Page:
Entertainment Weekly may have just accidentally spilled the beans on the GREATEST GEEK SECRET EVAR OF 2013 (sarcasm, mine) or more prosaically, the identity of Bert 'The Otter' Cumberbatch's character in the upcoming Star Trek movie.
That sucking noise you just heard was the last of my interest in this film draining away. While I enjoyed the first reboot, I freely admit that it was a frakin' mess and I don't think I could tell you the plot beyond, 'how Chris Pine took over the
Enterprise using lensflares'. Despite blowing up Vulcan, poor Mr. Nero
was something of a non-starter as a villain so
this time they went back to the well.
Having the Cumberbatch play Khan demonstrates that the new geek-chic isn't about breaking new ground, but taping into the rich, nougaty veins of nostalgia that well up in thirtysomething adults and drive them to throw buckets money at trivialities they remember fondly from their childhood. It is in fact common in this day and age to see toys proudly displayed in living rooms of people who are otherwise adults (can you remember your parents dong this? any of your friends' parents?). That in itself isn't a problem. I am smack dab in the middle of that demographic and there is a small army of LEGO minifigs currently mounting an assault on our plant stand. And I like that I can finally see a comic book movie that doesn't look like it was made by my cousin Jerry and the costume department at
Though I will scream like the Black Bolt if I have to sit through one more
boring arsed origin story (to use an appropriate geek ref). Value Village
But I've seen the Khan/Kirk story played out. I really liked it and hope to see it again. The performances of Shatner and Richardo Montalban were two golden, shining pieces of pure, glorious, golden ham. But it is not 'Julius Caesar' and I do not need to see it reimagined by Abrams, Pine and Cumberbatch at the Mercury Theatre. I've heard the argument that the originals are dated and they are invisioning the story for a new generation. Bullshit. I am not of the generation that watched the original Star Trek. I did not really start to appreciate it until well into the early 1990's, more than twenty years after the episodes first aired and almost ten since the second movie. I watched the tv show on reruns and the movie on VHS, and I'll wager real money that this how most of you saw it as well. The throwback special effects, dialogue and fashions were a large part of the fun.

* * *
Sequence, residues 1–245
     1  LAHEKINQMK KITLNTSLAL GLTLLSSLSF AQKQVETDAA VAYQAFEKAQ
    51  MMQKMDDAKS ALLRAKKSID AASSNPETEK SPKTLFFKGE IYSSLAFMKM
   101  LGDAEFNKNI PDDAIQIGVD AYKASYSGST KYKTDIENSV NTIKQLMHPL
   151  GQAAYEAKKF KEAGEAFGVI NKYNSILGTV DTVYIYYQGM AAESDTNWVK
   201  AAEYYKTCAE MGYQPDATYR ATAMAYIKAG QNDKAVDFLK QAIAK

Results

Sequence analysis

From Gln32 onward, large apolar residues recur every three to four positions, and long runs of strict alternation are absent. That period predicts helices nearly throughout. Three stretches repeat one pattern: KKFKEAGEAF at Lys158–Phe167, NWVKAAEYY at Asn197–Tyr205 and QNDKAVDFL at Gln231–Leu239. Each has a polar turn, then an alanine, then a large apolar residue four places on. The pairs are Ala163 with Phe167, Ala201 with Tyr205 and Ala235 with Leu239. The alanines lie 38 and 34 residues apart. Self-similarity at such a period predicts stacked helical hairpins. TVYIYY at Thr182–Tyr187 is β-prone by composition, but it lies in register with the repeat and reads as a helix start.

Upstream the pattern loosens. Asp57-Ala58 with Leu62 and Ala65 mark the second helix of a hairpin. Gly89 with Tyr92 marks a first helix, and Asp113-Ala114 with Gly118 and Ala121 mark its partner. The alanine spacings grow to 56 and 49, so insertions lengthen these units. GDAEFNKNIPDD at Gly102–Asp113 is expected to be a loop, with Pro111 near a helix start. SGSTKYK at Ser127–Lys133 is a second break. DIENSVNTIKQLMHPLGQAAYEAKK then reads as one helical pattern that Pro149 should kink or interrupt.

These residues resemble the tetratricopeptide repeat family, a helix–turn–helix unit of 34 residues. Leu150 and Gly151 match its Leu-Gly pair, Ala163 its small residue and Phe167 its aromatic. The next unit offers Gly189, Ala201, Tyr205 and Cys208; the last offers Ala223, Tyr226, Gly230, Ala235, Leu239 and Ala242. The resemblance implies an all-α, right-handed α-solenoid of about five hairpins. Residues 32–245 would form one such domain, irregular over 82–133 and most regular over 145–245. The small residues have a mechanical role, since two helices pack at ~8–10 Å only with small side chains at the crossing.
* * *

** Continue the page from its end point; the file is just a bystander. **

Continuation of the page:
This new Star Trek isn't a reboot ... its a rerun, but a rerun without the nostalgia that they are hoping to tap. I don't doubt that the film will make a bazillion dollars, but I'll bet that in less than five years Shatner's "KHAAAAAANN!" will still be a cultural touchstone, while poor Cumberbatch will be but a footnote, filed alphabetically behind Bana. Sadly, I suppose that really isn’t the point.